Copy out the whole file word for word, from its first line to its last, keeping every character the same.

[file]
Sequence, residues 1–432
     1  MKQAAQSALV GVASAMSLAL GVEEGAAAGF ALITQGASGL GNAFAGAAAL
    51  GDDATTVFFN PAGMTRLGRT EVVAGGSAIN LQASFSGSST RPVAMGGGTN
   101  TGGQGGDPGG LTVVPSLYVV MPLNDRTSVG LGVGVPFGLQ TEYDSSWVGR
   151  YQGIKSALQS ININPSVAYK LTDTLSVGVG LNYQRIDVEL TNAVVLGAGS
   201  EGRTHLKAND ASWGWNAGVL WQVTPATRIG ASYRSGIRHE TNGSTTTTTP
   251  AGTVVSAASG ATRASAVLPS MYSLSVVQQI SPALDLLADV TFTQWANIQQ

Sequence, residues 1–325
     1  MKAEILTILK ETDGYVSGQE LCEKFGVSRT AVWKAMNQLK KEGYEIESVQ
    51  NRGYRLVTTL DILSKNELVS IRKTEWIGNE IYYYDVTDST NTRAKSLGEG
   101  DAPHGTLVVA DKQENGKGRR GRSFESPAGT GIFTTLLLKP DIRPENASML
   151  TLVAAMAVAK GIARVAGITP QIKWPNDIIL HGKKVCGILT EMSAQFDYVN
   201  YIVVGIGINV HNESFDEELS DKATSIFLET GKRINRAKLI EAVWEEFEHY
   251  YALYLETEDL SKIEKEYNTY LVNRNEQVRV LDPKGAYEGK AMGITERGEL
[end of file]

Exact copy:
Sequence, residues 1–432
     1  MKQAAQSALV GVASAMSLAL GVEEGAAAGF ALITQGASGL GNAFAGAAAL
    51  GDDATTVFFN PAGMTRLGRT EVVAGGSAIN LQASFSGSST RPVAMGGGTN
   101  TGGQGGDPGG LTVVPSLYVV MPLNDRTSVG LGVGVPFGLQ TEYDSSWVGR
   151  YQGIKSALQS ININPSVAYK LTDTLSVGVG LNYQRIDVEL TNAVVLGAGS
   201  EGRTHLKAND ASWGWNAGVL WQVTPATRIG ASYRSGIRHE TNGSTTTTTP
   251  AGTVVSAASG ATRASAVLPS MYSLSVVQQI SPALDLLADV TFTQWANIQQ

Sequence, residues 1–325
     1  MKAEILTILK ETDGYVSGQE LCEKFGVSRT AVWKAMNQLK KEGYEIESVQ
    51  NRGYRLVTTL DILSKNELVS IRKTEWIGNE IYYYDVTDST NTRAKSLGEG
   101  DAPHGTLVVA DKQENGKGRR GRSFESPAGT GIFTTLLLKP DIRPENASML
   151  TLVAAMAVAK GIARVAGITP QIKWPNDIIL HGKKVCGILT EMSAQFDYVN
   201  YIVVGIGINV HNESFDEELS DKATSIFLET GKRINRAKLI EAVWEEFEHY
   251  YALYLETEDL SKIEKEYNTY LVNRNEQVRV LDPKGAYEGK AMGITERGEL